Baltimore Hebrew University Professor Supporting Legal Penalties for "Negative Depiction of Religion":

From a May 12, 2006 column by Dr. Robert O. Freedman, columnist for the Baltimore Jewish Times, professor of political science at Baltimore Hebrew University, former acting president of the university, and former visiting professor at Princeton (emphasis added):

As the crisis over the Danish cartoons depicting the Islamic prophet Muhammad appears to be dying down, it is time to create a system to prevent such a costly crisis from erupting in the future.

As a result of the crisis, lives were lost, embassies were attacked in the Muslim world, the loyalty of Muslims living in Europe was put into question, and the image of Islam in the West as a violent religion was reinforced, thus increasing the possibility of the "clash of civilizations" desired by Islamic radicals such as Osama bin Laden....

In order to rectify the situation, and to prevent a future crisis of this type from erupting, what is needed is a "code of conduct" for the newspapers and other media in both the Western and Muslim worlds. All governments must agree that the negative depiction of religion is "out of bounds," and penalties should be imposed on those who violate the code of conduct.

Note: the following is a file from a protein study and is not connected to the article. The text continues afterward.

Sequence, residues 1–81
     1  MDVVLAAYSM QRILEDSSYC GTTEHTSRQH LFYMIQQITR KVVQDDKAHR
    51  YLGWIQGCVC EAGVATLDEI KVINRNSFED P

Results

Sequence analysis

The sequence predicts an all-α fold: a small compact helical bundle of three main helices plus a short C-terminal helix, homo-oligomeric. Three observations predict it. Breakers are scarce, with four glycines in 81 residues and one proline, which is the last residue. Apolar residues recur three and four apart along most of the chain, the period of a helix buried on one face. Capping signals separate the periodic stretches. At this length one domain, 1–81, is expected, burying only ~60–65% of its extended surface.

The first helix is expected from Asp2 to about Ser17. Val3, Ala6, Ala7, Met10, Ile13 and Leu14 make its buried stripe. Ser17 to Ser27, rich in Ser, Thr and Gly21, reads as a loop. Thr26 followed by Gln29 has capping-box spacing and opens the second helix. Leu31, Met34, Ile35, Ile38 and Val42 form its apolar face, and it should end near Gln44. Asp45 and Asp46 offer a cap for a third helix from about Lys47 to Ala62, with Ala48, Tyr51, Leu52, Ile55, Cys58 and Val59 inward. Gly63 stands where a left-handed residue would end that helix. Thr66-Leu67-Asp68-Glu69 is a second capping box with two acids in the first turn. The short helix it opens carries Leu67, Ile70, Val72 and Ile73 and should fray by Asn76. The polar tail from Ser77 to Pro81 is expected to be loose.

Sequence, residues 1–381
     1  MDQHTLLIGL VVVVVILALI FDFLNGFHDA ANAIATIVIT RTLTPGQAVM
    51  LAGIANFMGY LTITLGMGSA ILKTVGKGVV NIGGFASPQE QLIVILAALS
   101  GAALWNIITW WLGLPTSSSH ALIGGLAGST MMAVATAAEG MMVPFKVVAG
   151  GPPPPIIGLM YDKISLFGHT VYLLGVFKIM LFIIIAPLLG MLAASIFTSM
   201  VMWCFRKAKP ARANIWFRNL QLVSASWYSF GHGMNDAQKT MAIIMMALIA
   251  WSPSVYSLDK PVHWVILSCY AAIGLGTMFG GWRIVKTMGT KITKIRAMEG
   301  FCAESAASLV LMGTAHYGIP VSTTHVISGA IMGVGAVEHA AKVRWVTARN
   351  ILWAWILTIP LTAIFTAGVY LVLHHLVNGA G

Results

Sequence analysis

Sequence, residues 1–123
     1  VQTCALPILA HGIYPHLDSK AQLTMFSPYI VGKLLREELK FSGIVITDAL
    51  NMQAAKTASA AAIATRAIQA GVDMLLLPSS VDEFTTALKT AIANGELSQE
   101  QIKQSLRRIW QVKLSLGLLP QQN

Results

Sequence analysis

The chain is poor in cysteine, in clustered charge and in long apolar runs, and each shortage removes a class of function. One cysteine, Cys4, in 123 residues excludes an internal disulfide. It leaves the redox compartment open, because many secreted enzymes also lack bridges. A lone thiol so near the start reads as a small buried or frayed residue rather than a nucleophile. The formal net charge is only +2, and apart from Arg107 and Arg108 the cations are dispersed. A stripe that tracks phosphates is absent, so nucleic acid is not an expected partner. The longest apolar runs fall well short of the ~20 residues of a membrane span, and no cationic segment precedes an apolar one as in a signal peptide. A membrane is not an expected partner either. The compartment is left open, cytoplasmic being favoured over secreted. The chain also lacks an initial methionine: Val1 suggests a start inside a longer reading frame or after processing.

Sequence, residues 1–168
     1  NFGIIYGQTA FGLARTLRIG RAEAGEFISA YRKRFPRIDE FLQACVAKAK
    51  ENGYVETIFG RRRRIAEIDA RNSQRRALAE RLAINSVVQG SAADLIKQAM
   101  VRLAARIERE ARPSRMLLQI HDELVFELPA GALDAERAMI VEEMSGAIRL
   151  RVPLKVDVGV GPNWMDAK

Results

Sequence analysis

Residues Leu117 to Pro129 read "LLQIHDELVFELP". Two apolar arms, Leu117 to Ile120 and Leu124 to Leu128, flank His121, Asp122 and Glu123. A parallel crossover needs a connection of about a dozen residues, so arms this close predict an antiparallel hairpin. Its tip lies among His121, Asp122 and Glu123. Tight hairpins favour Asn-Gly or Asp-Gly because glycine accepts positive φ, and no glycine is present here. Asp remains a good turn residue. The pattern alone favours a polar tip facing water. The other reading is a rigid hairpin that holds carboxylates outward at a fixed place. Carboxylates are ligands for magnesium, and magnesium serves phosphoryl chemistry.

The problem, of course, is to determine the difference between legitimate criticism of someone who acts in the name of a religion, and the negative depiction of that religion.

To solve that problem, I propose the creation of an International Religious Court, composed of Christian, Muslim and Jewish clergymen with one clergyman representing each of the three religions. Anyone feeling that his or her religion was insulted could appeal to the International Religious Court for a ruling on the matter, and the court would then determine whether a penalty should be invoked. It would be the responsibility of the government on whose territory the action took place to impose the penalty....

[G]overnments may be reluctant, on grounds of sovereignty, to impose penalties required by such an international court. Nonetheless, there is a precedent wherein a number of states have, in certain cases, voluntarily agreed to abide by the decisions of the International Court of Justice, which could be a model for the International Religious Court....

As you might gather, my reaction to this is much the same as my reaction to the "Defamation of Religions" argument I criticized below. Interestingly, unlike Prof. Ali Khan's work, Dr. Friedman's argument doesn't even mention the possibility that the nation in which he lives might be constitutionally barred from going along with the orders of any such court.

Thanks to David Gerstman (Soccer Dad) for the pointer.